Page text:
On a class visit to Lazarus House, seventh graders Gauri Kumar and Joeyanna Hodnett developed a brilliant idea. A way to reuse technology to help the Guests of Lazarus House.

Every year, the Pike School seventh-grade class does a food drive. This year, after the food drive the seventh-grade class took a tour of Lazarus House. “It was pretty amazing to visit Lazarus house,” Kumar said. The seventh-grade class had never gone to visit Lazarus House before this trip. “We were walking through the study area and there were kind of old computers there,” said Kumar.

At Pike School, iPads become mandatory in the sixth grade. “I thought about how much technology has helped with learning, and I wanted to get technology to help other people learn too,” Kumar said.

Kumar thought of her sister’s unused iPad at home. “We thought we could do something [with the iPad] and use it,” Hodnett said. From this thought, Hodnett and Kumar developed the idea of Tech for Hope. Taking unused technology, iPads, laptops, computers, etc. and donating them to Lazarus House.

Tech for Hope began taking donations at Pike School. The tech donors follow links given by Tech for Hope and follow instructions to get their technology as if it were brand new, without any customizations. Then Hodnett and Kumar deliver the donated technology to Lazarus House for their Guests.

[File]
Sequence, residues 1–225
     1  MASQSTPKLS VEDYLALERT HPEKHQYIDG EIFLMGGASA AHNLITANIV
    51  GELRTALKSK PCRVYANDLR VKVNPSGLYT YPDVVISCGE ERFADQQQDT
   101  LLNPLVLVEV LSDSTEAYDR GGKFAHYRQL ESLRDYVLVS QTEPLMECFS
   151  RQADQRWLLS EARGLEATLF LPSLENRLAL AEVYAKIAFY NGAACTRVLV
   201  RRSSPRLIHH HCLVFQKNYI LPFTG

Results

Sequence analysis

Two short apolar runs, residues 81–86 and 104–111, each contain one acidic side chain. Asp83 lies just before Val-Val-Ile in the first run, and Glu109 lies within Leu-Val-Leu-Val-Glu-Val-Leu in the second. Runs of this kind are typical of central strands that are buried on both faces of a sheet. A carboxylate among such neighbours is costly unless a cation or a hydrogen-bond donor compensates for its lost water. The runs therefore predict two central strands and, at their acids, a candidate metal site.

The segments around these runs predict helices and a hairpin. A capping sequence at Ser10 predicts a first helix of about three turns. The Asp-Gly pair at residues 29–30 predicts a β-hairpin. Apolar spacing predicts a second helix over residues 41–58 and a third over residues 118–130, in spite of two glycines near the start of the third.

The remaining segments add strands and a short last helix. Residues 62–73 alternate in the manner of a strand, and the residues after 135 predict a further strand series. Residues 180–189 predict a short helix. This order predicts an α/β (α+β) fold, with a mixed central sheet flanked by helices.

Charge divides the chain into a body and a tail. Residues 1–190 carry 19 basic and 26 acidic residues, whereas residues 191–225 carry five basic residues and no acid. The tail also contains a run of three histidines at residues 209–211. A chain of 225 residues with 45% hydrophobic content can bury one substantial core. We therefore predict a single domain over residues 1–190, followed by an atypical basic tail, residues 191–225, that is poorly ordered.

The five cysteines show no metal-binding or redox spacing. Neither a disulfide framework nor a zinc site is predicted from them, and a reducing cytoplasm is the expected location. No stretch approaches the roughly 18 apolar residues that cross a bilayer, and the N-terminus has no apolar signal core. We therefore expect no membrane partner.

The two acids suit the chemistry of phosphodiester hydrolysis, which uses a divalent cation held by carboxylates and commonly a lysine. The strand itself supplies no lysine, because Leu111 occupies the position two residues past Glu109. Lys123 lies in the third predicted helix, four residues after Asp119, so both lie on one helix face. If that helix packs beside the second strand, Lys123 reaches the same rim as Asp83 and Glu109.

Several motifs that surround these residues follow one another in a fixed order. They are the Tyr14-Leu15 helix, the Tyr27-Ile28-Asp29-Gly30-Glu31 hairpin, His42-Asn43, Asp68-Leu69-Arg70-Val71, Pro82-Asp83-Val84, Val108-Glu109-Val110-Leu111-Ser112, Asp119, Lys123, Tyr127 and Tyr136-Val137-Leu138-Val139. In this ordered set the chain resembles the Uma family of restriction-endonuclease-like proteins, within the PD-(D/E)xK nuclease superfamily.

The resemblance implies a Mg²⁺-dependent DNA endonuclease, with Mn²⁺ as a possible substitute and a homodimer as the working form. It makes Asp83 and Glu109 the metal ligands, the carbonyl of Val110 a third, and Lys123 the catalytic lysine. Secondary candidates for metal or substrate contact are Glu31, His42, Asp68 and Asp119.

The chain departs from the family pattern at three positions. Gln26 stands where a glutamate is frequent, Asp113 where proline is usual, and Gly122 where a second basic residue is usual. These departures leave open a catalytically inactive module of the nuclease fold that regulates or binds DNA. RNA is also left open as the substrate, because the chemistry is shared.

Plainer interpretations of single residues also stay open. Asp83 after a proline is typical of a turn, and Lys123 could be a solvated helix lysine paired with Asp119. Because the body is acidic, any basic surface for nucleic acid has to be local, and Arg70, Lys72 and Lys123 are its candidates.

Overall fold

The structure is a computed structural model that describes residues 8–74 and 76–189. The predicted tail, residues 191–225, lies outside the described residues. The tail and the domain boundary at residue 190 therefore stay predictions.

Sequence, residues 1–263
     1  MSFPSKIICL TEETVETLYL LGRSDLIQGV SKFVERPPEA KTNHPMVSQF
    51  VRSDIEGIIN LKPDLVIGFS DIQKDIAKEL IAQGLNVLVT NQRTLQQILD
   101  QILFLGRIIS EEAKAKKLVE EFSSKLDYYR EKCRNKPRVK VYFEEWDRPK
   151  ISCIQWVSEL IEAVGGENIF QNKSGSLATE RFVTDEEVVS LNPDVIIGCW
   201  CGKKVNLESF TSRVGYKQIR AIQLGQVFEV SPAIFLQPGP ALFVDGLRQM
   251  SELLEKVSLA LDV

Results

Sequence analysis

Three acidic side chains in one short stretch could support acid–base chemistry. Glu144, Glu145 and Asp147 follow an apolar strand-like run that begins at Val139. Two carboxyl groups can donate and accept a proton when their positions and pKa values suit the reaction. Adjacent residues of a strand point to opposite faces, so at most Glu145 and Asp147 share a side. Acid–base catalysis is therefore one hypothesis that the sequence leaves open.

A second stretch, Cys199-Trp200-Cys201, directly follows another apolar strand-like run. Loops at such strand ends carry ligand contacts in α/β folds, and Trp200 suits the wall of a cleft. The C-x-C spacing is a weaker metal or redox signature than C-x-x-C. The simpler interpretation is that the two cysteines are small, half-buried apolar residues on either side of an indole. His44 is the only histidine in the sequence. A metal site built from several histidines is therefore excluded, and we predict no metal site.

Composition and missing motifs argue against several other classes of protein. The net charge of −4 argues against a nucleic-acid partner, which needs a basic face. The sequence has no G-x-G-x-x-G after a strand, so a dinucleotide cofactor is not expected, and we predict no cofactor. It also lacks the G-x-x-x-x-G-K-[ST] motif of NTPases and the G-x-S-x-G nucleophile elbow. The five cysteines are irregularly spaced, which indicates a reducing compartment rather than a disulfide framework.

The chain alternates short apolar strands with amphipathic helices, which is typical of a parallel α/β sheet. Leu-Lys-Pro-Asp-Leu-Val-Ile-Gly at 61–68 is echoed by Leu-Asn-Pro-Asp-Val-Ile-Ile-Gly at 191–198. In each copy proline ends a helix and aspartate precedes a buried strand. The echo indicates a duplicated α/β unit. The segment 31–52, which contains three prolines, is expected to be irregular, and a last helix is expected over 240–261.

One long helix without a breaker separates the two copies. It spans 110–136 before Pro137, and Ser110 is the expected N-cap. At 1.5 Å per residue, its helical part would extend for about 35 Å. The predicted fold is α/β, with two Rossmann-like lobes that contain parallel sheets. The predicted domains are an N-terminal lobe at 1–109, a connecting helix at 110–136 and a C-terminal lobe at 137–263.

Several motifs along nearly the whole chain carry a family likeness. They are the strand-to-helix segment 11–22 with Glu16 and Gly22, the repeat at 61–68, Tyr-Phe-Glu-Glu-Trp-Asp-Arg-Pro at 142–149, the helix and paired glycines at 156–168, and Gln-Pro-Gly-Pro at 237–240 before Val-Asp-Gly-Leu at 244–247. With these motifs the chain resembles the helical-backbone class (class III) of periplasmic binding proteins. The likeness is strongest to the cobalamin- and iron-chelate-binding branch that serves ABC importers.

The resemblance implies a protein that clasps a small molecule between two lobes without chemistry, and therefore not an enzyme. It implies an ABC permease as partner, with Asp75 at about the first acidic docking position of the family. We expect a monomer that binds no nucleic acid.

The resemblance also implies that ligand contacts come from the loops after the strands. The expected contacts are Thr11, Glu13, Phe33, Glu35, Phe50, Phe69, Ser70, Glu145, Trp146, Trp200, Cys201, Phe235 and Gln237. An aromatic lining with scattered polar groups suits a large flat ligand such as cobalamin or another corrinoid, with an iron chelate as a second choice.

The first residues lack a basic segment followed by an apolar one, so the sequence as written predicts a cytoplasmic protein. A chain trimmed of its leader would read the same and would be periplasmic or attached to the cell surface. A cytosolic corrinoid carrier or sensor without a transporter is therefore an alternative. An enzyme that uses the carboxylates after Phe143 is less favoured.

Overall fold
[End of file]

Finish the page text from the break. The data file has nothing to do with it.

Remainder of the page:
“Technology opens so many doors for people. You can do a job application and many other things,” Hodnett said. “Technology has opened doors for us. We want to give others the access to open those doors as well,” said Kumar.

Tech for Hope began receiving donations right before the coronavirus pandemic. Due to restrictions, Kumar and Hodnett have been unable to deliver their technology donations to Lazarus House. “We have a few donations but haven’t been able to give them to Lazarus House yet, due to COVID-19,” Hodnett said.

“We would really like to get more donations; so many people need them,” said Hodnett. “The more [donations] we get, the more we can give.” Hodnett and Kumar plan on continuing Tech for Hope in the future. “We don’t want to stop one day. We want it to keep going as long as we can,” said Hodnett.

If you would like more information or would like to donate to Tech for Hope, contact Tech for Hope Faculty Advisor Julie Ogden at or Gauri Kumar at

Family Uses Organizational Skills in Pandemic to Help Lazarus House

Logan, 13

Many great things come in small packages. The Reuss family of three who recently began volunteering at Lazarus House is one example. Grady-16, Logan-13 and their mother Jen knew Lazarus House for years but made time this year to get involved with volunteering.